Some parrots and lovebirds may also lick their owners fingers in an attempt to get their attention. 
Birds such as parrots don’t like to be messy, so they clean their beaks against branches and surfaces to rub away any leftover food. 

How Different are Bird Tongues to Humans?

Humans use their tongues for chewing, swallowing, and speech. Our tongue is the only muscle in the body to be connected by just one bone.
Bird tongues are generally far tougher and harder than human tongues. They also have 5 bones in their tongue.
While we have 10,000 taste buds birds don’t usually have more than a couple of hundred, with pigeons having just 40.  
Parrots use intrinsic tongue movements to create vowel-like sounds as we do. Parrots manipulate their tongues to mimic the sounds we make. 

Which Animal Has the Most Taste Buds?

Catfish can have up to a whopping 175,000 taste buds. They have taste buds all over their body, with the most being in the four whiskers they have around their mouths. 

Do Any Bird Species Have Teeth?

Birds don’t have a need for teeth like we do, as their tongues are just so good. 
However, some birds such as the Greylag Goose do have tooth-like serrations along the edges of their beaks. These are called tomia and help them to grip food. 
Other birds that have serration on their beaks are falcons, ducks and geese.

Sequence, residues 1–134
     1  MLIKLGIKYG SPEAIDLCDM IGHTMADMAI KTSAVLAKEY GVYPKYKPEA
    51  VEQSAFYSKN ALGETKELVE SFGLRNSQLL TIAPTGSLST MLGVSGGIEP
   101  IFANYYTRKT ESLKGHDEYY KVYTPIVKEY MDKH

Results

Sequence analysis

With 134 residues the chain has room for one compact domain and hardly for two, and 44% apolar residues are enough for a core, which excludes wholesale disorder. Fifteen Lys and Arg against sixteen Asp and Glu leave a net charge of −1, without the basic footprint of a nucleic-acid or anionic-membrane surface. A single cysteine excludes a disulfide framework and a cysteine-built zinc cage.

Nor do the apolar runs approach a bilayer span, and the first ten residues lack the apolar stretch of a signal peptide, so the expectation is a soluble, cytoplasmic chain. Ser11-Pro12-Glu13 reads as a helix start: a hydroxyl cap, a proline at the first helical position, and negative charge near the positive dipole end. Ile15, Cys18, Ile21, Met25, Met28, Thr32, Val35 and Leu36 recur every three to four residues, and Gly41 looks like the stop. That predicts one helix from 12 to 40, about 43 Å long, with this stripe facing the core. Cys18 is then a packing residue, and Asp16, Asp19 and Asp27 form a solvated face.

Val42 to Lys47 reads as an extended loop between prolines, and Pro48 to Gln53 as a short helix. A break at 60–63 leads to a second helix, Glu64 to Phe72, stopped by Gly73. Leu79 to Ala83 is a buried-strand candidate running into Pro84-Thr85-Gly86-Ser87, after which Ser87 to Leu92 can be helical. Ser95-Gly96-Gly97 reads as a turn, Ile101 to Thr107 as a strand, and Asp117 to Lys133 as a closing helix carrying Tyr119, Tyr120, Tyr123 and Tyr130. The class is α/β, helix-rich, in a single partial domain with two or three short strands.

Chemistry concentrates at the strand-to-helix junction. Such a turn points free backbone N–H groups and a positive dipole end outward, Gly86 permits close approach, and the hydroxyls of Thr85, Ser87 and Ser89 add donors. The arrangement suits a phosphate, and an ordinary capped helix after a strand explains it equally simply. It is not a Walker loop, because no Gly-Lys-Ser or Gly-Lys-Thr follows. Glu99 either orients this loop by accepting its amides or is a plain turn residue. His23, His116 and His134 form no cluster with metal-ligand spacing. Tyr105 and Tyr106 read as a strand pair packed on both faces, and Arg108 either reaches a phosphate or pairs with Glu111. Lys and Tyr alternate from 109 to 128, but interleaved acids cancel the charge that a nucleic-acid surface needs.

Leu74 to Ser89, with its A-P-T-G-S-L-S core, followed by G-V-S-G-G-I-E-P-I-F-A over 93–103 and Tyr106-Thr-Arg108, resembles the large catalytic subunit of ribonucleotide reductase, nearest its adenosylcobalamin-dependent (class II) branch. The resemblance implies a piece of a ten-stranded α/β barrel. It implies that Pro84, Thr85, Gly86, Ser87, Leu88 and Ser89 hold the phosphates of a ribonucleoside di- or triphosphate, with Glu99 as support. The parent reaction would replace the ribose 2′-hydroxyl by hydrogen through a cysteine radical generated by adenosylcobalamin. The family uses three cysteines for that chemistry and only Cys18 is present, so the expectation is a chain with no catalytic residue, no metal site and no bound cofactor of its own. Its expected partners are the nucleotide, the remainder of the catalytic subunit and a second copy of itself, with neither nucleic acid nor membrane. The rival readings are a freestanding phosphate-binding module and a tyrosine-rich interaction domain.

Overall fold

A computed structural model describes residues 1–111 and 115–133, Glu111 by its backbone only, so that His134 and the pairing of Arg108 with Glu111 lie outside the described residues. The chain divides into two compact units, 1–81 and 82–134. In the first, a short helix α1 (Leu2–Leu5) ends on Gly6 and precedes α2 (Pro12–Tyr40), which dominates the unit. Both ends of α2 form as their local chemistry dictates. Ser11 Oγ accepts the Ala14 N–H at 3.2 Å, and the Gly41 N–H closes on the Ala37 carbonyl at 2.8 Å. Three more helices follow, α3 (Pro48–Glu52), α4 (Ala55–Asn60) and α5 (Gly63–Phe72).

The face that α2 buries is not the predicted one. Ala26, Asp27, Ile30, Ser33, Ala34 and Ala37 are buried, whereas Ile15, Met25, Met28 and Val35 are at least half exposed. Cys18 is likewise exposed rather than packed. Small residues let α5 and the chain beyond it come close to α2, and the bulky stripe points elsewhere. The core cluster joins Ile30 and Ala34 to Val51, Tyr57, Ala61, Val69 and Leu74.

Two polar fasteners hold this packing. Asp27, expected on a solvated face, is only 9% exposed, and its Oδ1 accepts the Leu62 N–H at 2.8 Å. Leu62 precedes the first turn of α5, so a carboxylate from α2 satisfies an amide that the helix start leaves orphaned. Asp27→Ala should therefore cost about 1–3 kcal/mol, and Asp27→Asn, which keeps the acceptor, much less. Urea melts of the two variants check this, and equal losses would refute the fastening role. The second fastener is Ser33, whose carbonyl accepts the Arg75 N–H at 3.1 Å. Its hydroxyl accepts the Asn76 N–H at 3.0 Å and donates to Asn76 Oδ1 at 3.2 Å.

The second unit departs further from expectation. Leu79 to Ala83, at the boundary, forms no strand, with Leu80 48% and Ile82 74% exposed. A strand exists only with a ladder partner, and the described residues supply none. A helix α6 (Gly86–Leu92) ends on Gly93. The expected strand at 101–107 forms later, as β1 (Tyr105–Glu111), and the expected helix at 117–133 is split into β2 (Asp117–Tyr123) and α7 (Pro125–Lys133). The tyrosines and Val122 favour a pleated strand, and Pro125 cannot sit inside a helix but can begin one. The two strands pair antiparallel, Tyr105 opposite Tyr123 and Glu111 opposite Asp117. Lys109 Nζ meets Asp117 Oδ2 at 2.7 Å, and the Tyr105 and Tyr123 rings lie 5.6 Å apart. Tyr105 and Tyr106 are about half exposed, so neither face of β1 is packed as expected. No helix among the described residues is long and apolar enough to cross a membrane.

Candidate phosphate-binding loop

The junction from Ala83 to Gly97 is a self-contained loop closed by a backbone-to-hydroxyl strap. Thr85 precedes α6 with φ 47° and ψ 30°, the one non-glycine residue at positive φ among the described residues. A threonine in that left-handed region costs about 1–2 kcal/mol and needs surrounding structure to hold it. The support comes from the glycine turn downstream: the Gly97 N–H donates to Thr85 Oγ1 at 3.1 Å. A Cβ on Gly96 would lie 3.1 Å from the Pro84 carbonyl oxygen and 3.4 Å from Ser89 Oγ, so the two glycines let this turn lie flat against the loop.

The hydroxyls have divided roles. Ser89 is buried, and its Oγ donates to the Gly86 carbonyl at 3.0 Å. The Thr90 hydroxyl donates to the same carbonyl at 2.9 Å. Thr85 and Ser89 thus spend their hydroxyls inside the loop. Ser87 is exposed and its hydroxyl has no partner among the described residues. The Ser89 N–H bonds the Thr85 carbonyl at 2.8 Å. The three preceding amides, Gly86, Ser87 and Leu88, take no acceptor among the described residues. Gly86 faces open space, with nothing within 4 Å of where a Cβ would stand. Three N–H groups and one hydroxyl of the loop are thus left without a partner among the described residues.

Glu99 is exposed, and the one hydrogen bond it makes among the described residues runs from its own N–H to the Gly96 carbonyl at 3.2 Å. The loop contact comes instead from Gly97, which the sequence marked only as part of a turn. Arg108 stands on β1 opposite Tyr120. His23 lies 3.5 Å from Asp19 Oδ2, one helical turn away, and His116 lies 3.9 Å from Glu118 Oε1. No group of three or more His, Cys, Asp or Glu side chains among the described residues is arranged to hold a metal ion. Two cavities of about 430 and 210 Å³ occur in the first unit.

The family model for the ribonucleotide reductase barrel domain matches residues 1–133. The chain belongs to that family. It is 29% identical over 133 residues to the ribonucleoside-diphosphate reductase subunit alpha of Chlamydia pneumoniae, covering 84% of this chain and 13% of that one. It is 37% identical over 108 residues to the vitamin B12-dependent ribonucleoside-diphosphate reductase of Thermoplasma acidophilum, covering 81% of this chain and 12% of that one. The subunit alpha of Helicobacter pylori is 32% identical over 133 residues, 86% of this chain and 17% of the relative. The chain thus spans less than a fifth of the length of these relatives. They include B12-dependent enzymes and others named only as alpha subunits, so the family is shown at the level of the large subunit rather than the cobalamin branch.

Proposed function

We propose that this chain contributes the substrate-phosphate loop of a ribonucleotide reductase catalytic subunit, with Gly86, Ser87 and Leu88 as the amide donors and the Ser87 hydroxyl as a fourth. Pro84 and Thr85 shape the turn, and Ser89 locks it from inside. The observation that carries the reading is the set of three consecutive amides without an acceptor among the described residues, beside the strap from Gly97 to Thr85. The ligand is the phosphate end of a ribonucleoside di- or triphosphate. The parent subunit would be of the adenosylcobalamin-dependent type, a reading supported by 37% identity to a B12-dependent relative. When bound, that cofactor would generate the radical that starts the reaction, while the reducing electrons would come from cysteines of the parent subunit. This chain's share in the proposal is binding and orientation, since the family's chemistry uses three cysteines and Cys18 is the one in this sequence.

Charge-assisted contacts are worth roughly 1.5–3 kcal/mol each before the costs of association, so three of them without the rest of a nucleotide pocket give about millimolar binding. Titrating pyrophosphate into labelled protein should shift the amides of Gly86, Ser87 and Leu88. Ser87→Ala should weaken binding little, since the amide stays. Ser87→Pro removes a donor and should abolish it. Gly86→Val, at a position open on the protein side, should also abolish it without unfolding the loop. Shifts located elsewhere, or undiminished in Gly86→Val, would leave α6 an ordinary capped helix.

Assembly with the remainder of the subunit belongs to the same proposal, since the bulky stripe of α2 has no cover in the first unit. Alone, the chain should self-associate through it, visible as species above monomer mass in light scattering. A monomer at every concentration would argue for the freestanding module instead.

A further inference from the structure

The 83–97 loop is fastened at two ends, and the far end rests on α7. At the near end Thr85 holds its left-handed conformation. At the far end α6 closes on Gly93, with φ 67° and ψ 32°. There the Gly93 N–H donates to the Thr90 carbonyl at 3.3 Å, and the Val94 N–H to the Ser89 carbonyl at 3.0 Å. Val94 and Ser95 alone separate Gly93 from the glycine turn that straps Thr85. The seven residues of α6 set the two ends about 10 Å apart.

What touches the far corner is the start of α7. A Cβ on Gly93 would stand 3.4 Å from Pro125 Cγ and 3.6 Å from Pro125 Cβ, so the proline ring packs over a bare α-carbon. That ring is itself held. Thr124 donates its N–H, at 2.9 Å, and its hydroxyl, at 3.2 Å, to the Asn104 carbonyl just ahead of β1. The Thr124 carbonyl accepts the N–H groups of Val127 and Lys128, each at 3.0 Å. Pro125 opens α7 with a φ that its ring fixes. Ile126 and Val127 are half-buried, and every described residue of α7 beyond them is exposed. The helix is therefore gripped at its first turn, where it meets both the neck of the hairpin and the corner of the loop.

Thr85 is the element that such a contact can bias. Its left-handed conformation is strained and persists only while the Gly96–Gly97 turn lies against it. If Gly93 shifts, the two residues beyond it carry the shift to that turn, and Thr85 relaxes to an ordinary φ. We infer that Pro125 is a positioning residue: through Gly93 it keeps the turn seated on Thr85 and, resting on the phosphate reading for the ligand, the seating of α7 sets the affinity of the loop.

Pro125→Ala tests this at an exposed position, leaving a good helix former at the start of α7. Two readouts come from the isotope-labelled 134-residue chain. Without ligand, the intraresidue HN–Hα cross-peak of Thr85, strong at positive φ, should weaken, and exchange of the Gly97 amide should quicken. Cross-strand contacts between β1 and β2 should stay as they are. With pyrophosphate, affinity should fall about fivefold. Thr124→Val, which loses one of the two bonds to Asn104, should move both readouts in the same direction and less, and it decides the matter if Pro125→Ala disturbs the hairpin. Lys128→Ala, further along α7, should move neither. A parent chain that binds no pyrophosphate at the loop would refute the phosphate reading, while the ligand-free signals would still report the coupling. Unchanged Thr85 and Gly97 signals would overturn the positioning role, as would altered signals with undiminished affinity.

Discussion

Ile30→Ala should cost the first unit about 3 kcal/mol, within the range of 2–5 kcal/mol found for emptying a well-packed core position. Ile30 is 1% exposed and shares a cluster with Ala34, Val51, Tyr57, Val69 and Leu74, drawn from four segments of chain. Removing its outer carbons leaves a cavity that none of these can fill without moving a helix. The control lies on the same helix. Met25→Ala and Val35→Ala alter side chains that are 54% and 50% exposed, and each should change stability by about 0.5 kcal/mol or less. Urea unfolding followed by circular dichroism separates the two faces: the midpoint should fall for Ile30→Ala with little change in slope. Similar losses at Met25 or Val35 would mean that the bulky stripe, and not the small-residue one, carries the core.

Do All Animals Have a Tongue?

Most amphibians, mammals, reptiles, and birds have tongues, as they use them frequently while eating and talking.
Some crustaceans and echinoderms such don’t have a tongue. Sea Stars suck in their food through their stomach. 

Does a Crow Have a Tongue?

A crow, like all birds, does indeed have a tongue. It’s believed that if you split a crows tongue then this would enable them to talk…ouch!

Which Bird Has no Tongue?

All birds have a tongue of some sort, although these vary dramatically in shape and size. 

An Overview of Bird Tongues

From long, short, sticky, sharp, and tubular, bird’s tongues really do come in a variety of shapes and sizes. 

Birds are unique creatures and they have extraordinary tongues that have adapted to work to their specific diet and needs. 

I hope that you now know everything you need to know about bird tongues, so the next time someone asks you how many taste buds a pigeon has you can jump straight in with the answer. 

Bye for now and thanks for reading. 

Julian Goldie - Owner of

Julian Goldie

I'm a bird enthusiast and creator of Chipper Birds, a blog sharing my experience caring for birds. I've traveled the world bird watching and I'm committed to helping others with bird care. Contact me at [email protected] for assistance.